Yes, that’s a very important aspect of being an author. It can keep us going for a long time. Tell us a little bit about your current projects.

My new release, Jessie, is my first foray into historical fiction, as well as what may be considered young adult fiction. The main characters are teenage boys, but the message is something everyone from age five to ninety-five can benefit from. I am also starting to work on the third book in the Seasons of Faith series

What’s your one sentence pitch for Jessie?

From tide pools to technology, follow Jessie’s emotional journey from a young boy enthralled with the United States race for the moon taking place just a few miles from his home to a young man overcoming many obstacles to pursue his dream.

How did you choose the title? Has it been the title from the very beginning?

The first book in the Coastal Chronicles was Julianne so I decided to keep all of the books the name of the lead character. I’ve toyed with the idea of making all the leads in the Chronicles start with J, but I don’t know if that will pan out. The characters usually tell me their own names.

That’s true. It might be difficult to pin yourself down. I’m always asked about how long it took me to write a book so I’ll ask you the same question. How long do you estimate it took you to take the book from an idea to a finished, published?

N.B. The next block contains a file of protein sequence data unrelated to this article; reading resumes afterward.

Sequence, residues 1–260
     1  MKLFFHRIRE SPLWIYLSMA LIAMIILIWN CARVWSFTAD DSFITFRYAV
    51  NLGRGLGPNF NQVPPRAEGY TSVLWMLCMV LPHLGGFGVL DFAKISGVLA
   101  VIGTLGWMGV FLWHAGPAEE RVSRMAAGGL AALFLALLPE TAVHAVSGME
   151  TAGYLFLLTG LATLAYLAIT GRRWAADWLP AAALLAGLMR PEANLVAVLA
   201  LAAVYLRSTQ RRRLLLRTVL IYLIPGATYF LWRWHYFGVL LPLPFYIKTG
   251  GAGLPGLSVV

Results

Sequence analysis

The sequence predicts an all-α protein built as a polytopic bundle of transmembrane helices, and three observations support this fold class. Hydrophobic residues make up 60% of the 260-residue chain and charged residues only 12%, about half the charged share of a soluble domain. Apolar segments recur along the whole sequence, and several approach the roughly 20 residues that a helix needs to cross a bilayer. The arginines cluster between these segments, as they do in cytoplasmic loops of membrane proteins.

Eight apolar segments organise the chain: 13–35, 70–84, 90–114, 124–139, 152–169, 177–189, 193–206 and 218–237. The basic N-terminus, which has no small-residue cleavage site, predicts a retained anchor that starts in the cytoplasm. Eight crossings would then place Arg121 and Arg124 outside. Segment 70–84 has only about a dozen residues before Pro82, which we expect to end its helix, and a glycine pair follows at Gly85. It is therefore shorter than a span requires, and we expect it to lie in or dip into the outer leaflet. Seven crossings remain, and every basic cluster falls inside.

I don’t remember when exactly the idea first came to me, but I started research in October 2012, and the book was finally completed in April  2014. I chose to release the book to coincide with the forty-fifth anniversary of the moon landing since that event is a crucial element of the story.

That’s an excellent idea. Tell us about the antagonist of the book.

Jessie’s father, Eugene, would probably be considered the antagonist. He’s an alcoholic and has abused both Jessie and his older brother Max. Even though Eugene isn’t a very active character in the story, he is always present in Jessie’s mind.

If you listen to music while you’re writing, what is it?

I tend to choose music that fits the storyline of the character I am working on that day. For Jessie, I listened to music from the 1950s and 1960s. For my Seasons of Faith books, I have different bands for each character that I listen to when I am writing in their point of view.